Would a Turnbull-Albanese NBN debate really be worth it?

With both parties firmly entrenched in their NBN models, a NBN debate four weeks from the election is unlikely to yield any new information or positive outcomes.

Shadow communications minister Malcolm Turnbull has taken a leaf out of Prime Minister Kevin Rudd’s campaign book in calling for a debate on the National Broadband Network (NBN) with recently appointed communications minister Anthony Albanese.

Albanese has yet to formally agree to a debate – although he has suggested he would be willing to take part - but the question that immediately comes to mind is would a NBN debate between Turnbull and Albanese actually achieve anything worthwhile?

Taking a detached non-partisan view – the politico’s feeling being that a debate at least gives you a chance of bloodying your opponents’ nose or, even better, of them committing a huge faux pas – one has to say that a NBN debate four weeks from the election would have very little value.

No battle of equals 

Of course, for his part, Turnbull would no doubt furiously argue that the $37 billion NBN is in dire need of having the spotlight placed firmly on it during the election campaign via a public debate between him and Albanese.

However, Turnbull has been in the communications portfolio for three years now and knows the ins and outs of the global broadband market as well as anyone in politics. This puts him at a firm advantage over Albanese, who has been in his role only a matter of weeks.

It's no surprise then that Turnbull wants to take advantage of a wet behind the ears Albanese who is already juggling multiple roles as Deputy Prime Minister and Minister for Infrastructure and Transport; and has already conceded he is not a technology expert.

That’s not to say that Albanese has not performed well as a NBN advocate, he has played very firmly within his obvious knowledge limits and kept it nice and simple by attacking the Coalition’s Fibre-to-the-Node dominated policy as Fiber-to-the-Fridge, a ludicrous but extremely funny line.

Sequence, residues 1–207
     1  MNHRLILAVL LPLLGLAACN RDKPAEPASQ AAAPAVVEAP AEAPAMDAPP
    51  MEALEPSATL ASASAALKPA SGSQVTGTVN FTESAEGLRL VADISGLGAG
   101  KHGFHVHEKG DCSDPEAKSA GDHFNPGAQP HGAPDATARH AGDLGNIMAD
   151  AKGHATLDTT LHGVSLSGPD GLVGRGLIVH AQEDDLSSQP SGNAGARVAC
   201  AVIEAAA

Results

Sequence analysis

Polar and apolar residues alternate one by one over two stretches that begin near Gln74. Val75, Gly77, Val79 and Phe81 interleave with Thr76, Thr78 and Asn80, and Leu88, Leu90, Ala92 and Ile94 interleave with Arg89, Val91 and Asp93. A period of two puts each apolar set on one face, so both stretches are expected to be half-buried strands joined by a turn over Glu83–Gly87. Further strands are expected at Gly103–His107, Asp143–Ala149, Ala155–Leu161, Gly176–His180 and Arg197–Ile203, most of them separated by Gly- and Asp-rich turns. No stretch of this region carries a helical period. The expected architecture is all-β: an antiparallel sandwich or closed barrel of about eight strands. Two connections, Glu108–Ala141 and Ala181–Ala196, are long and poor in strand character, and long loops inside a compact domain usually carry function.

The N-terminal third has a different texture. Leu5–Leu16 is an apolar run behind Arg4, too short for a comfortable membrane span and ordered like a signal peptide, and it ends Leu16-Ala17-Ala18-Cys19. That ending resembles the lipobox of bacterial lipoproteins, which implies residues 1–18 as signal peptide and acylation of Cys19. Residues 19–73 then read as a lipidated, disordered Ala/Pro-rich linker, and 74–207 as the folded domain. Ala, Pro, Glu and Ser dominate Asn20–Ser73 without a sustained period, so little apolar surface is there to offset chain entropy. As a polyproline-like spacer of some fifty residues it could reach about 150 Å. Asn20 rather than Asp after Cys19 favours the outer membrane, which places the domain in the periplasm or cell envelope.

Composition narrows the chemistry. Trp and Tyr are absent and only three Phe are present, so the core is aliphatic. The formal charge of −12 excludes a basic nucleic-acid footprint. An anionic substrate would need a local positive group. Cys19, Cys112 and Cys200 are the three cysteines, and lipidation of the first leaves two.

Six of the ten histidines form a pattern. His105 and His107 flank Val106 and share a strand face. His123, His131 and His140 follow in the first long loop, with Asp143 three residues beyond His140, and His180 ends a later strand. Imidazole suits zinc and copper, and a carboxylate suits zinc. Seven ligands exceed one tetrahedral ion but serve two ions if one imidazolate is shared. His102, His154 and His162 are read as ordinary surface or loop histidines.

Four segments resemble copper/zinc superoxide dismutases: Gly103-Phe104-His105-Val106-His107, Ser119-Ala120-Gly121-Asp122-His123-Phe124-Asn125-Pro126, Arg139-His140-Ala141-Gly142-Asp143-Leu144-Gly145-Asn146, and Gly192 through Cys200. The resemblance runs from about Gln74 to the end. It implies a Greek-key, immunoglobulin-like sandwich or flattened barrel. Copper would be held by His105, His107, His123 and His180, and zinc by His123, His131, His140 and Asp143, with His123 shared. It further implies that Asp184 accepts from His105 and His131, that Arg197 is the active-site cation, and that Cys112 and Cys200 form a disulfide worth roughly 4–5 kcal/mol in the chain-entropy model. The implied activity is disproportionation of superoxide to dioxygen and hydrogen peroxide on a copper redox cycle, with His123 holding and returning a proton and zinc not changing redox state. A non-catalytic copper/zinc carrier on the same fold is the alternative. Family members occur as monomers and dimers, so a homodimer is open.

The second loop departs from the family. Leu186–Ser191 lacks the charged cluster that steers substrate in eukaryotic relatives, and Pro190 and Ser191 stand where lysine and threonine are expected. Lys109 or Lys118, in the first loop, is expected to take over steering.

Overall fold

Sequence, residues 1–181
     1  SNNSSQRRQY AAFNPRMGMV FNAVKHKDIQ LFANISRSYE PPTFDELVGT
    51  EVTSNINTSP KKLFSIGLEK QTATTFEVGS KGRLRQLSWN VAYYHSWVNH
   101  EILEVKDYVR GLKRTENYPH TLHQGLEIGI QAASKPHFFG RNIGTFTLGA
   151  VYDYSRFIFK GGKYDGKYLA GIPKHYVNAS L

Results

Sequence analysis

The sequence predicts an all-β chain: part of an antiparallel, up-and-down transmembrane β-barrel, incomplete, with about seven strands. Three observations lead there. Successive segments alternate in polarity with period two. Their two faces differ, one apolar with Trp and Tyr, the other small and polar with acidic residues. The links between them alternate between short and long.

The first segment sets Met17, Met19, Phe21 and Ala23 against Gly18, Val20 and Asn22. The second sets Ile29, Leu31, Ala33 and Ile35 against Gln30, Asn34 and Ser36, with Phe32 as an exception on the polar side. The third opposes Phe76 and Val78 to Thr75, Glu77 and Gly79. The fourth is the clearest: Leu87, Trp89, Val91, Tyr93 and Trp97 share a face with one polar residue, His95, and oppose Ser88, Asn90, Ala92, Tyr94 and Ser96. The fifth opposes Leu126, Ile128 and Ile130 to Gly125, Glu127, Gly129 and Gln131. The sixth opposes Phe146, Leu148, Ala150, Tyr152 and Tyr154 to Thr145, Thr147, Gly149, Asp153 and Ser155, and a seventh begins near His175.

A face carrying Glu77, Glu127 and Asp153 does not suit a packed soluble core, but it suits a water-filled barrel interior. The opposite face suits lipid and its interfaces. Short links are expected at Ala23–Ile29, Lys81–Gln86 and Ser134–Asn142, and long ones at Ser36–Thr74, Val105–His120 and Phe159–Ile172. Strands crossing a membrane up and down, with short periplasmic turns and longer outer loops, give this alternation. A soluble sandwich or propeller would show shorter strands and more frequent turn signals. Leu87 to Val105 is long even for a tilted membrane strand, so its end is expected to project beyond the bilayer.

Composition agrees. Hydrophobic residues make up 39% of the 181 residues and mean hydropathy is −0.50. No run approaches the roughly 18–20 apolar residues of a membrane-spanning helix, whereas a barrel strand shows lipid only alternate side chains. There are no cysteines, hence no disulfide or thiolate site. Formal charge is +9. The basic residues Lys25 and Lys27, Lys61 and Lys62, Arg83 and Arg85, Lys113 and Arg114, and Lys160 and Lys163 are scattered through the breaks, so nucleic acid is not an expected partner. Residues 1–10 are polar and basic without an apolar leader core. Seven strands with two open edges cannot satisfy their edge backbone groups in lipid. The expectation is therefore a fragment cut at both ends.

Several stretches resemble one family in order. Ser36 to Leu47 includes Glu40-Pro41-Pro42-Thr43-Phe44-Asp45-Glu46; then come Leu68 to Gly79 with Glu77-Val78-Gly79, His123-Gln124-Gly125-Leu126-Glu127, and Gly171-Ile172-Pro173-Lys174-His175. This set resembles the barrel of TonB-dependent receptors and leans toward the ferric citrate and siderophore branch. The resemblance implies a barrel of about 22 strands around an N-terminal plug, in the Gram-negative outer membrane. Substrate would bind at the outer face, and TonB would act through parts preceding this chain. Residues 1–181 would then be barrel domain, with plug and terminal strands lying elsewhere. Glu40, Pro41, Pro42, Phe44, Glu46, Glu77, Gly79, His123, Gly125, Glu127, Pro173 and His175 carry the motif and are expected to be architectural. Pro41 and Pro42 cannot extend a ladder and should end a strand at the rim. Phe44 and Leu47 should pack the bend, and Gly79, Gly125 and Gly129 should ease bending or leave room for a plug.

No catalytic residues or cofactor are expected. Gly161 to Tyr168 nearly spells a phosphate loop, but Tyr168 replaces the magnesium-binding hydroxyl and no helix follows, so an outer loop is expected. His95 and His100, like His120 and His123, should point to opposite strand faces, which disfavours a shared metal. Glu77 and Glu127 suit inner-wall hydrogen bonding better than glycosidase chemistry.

Given that Labor’s NBN is already far more popular than the Coalition’s - why would Albanese take a risk of damaging that advantage by potentially turning in a shocker at a debate?

After all, he would go into such a debate very much as a ‘substitute fighter’ now that the hardened ALP NBN heavyweight Stephen Conroy is out of the contest. An ill-considered rush of blood on Albanese's part will only end up giving Turnbull – armed with three years of global research – a chance to administer something of a schooling.

All show and little substance

Regardless, even if Turnbull and Albanese did square off in a debate it's highly unlikely that we would get anything substantive out of it, we would almost certainly just hear a repeat of the same tune, the same attack lines we have become so accustomed to.  

The ALP have already made it clear that there will be absolutely no adjustment to their current Fibre-to-the-Premise model so we could hardly expect Albanese to even admit any re-consideration of that position in any debate with Turnbull.

From Turnbull’s point of view, he realises that his policy is not greatly loved by the public – many of whom probably think 'Vectored VDSL' is some kind of sexually transmitted disease - and that his best debate option would be to spend an hour relentlessly bagging NBN Co.

Neither of those scenarios makes for a particularly interesting debate and the proceedings would be unlikely to change a single mind on the issue, with ALP folks convinced the NBN is a nation building necessity and the Coalition crowd labelling it an outrageous socialist confection.

From a strategic perspective, it has been something of a surprise that Turnbull hasn't tried utilising some new approaches in his attacks on the NBN, given that the Coalition policy remains behind the ALP version in popularity - although Turnbull claims the NBN is now largely a neutral issue in the Coalition polling.

In particular, Turnbull could have told the story of the ‘Three NBN’s’ that have been deployed in recent years, those being Australia, Singapore and Malaysia – all of which were launched around the same time.

The Malaysian High-Speed Broadband (HSBB) network was completed on time and budget to 1.3 million homes – and now has 550,000 subscribers - and Singapore’s Next Generation National Broadband Network (NGNBN) has been mostly completed to 1.1 million homes and has around 350,000 subscribers.

By contrast, the Australian NBN’s FTTP component has passed little more than 200,000 homes – a substantial portion of which cannot actually connect to the service – and has around 35,000 subscribers.

If Albanese does agree to an NBN debate he will be in a vulnerable position given that he is effectively asking the public to keep faith with a troubled NBN project – albeit one that ultimately promises a world leading network – that has been battered from pillar to post these last four years.

Tony Brown is a senior analyst with Informa Telecoms & Media. He is a key member of the Broadband and Internet Intelligence Centre team, covering the broadband and Internet markets of the Asia Pacific region.